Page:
A proposal to ban smoking in all University residence halls was recently passed by the Residence Hall Association and is pending approval from the University Housing department.

RHA voted at its meeting last Thursday on two proposals about smoking in the residence halls. The first was designed to control smoking by requesting that all smoking rooms be designated in the top floor of every dorm. It failed in favor of the second proposal to ban smoking completely in all residence halls. Smoking would only be allowed in Northwood Family Housing on North Campus.

In addition, the proposal calls for a ban of smoking within a 10-foot radius of all residence halls. If passed by the housing department, the ban will go into effect in the fall of 2003.

“RHA has been trying to get this passed since last year,” said West Quad Residence Hall RHA representative Pragav Jain, an LSA sophomore. He said a similar proposal came up last year but failed to make the two-thirds majority needed to pass by one vote. This year, RHA found out they would need only a 50 percent majority for the proposal to pass.

Jain said even though residence halls are public facilities, RHA wanted to create a less toxic environment for students. Although the rights of smokers was a concern, it was decided that the detrimental effects of second-hand smoke infringes upon the rights of non-smokers because of the danger to their health.

Although only about 450 of the University’s 9,500 residence hall occupants reside in designated smoking rooms, interconnected air ducts allow secondhand smoke to circulate throughout residence halls so that non-smoking rooms can be affected.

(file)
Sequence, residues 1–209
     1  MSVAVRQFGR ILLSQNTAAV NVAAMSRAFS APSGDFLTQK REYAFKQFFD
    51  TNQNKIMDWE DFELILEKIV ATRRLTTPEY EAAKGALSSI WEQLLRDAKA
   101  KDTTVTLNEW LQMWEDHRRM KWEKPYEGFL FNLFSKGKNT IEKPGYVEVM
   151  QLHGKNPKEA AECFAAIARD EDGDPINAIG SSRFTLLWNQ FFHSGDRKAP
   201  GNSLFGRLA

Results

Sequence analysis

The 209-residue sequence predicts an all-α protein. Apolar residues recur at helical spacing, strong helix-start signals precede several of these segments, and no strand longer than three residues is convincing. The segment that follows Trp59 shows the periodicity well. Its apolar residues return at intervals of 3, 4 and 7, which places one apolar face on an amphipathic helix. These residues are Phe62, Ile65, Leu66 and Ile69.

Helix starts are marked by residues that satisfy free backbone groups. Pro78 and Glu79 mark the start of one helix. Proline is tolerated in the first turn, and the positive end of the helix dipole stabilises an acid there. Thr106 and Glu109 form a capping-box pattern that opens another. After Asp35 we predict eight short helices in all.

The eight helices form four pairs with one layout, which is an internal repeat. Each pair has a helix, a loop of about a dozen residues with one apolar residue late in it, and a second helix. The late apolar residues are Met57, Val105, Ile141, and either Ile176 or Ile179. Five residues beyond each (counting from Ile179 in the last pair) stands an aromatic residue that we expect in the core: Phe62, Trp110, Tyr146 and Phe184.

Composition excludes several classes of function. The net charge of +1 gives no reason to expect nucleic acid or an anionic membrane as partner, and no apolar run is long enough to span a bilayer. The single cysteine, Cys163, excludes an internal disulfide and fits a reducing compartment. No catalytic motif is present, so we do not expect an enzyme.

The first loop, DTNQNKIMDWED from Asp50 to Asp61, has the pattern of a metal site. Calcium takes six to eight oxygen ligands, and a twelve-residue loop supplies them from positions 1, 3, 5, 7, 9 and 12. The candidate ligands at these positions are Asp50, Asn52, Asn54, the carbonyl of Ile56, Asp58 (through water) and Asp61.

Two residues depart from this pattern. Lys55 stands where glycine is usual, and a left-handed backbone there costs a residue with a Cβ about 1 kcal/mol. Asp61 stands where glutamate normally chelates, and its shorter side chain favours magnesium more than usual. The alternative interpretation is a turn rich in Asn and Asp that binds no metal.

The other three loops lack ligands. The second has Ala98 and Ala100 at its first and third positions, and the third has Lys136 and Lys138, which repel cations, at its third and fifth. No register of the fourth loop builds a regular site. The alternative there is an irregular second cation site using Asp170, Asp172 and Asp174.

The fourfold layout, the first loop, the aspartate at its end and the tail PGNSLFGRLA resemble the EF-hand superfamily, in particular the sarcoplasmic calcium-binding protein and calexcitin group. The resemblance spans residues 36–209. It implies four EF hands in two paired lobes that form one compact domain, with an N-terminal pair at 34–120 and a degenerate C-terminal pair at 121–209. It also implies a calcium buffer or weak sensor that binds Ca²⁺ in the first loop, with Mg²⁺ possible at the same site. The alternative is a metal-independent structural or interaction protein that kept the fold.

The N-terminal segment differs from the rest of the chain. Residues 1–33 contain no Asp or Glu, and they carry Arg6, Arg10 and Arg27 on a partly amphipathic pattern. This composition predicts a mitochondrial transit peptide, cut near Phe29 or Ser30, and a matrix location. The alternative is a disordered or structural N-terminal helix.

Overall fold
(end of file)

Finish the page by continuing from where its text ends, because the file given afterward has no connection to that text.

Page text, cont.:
Supporters of the proposal also cited the problem of fire alarms being set off by secondhand smoke and increased housing costs caused by furniture odor and having to repaint discolored walls every year.

The International Student Affairs Commission, of which Jain is chair, came up with a similar suggestion that he presented to RHA. Jain said he thinks the proposal will probably go into effect.

“Basically the housing office told RHA it is very much in favor of it,” he said.

The University of Michigan and Michigan State University are the only Big Ten schools that have not banned smoking in all their residence hall rooms. In the fall of 2001, the University had 69 applicants request smoking-permitted rooms. Smoking was banned in most University buildings in 1994.

South Quad Residence Hall resident and LSA sophomore Neil Malhotra said he is in favor of the new proposal because secondhand smoke can cause problems for people allergic to it and can set off fire alarms.

“I’d prefer it if the dorms were non-smoking,” he said.

-The Associated Press contributed to this report.

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